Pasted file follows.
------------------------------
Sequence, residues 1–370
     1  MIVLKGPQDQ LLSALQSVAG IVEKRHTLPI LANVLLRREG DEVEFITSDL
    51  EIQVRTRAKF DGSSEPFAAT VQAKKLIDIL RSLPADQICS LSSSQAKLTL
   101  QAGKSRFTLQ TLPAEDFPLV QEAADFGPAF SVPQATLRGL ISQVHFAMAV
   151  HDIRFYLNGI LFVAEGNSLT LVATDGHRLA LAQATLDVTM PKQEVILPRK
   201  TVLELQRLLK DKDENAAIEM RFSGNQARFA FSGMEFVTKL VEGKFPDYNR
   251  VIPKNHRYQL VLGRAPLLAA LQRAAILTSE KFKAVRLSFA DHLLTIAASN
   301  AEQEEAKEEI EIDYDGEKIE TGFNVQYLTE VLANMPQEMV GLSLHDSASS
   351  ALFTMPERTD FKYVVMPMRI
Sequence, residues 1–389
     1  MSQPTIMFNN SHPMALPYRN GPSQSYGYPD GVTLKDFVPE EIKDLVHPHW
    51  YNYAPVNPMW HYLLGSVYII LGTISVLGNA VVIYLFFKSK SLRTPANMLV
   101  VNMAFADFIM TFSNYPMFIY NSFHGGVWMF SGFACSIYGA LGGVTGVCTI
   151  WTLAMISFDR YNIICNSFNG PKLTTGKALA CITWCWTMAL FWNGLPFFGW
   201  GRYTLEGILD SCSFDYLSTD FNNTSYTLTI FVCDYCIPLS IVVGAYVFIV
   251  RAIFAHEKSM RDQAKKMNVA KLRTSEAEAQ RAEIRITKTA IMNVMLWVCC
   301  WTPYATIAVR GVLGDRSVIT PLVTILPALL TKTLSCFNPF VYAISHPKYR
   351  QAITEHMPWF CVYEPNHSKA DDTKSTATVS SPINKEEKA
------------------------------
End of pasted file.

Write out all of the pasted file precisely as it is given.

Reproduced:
Sequence, residues 1–370
     1  MIVLKGPQDQ LLSALQSVAG IVEKRHTLPI LANVLLRREG DEVEFITSDL
    51  EIQVRTRAKF DGSSEPFAAT VQAKKLIDIL RSLPADQICS LSSSQAKLTL
   101  QAGKSRFTLQ TLPAEDFPLV QEAADFGPAF SVPQATLRGL ISQVHFAMAV
   151  HDIRFYLNGI LFVAEGNSLT LVATDGHRLA LAQATLDVTM PKQEVILPRK
   201  TVLELQRLLK DKDENAAIEM RFSGNQARFA FSGMEFVTKL VEGKFPDYNR
   251  VIPKNHRYQL VLGRAPLLAA LQRAAILTSE KFKAVRLSFA DHLLTIAASN
   301  AEQEEAKEEI EIDYDGEKIE TGFNVQYLTE VLANMPQEMV GLSLHDSASS
   351  ALFTMPERTD FKYVVMPMRI
Sequence, residues 1–389
     1  MSQPTIMFNN SHPMALPYRN GPSQSYGYPD GVTLKDFVPE EIKDLVHPHW
    51  YNYAPVNPMW HYLLGSVYII LGTISVLGNA VVIYLFFKSK SLRTPANMLV
   101  VNMAFADFIM TFSNYPMFIY NSFHGGVWMF SGFACSIYGA LGGVTGVCTI
   151  WTLAMISFDR YNIICNSFNG PKLTTGKALA CITWCWTMAL FWNGLPFFGW
   201  GRYTLEGILD SCSFDYLSTD FNNTSYTLTI FVCDYCIPLS IVVGAYVFIV
   251  RAIFAHEKSM RDQAKKMNVA KLRTSEAEAQ RAEIRITKTA IMNVMLWVCC
   301  WTPYATIAVR GVLGDRSVIT PLVTILPALL TKTLSCFNPF VYAISHPKYR
   351  QAITEHMPWF CVYEPNHSKA DDTKSTATVS SPINKEEKA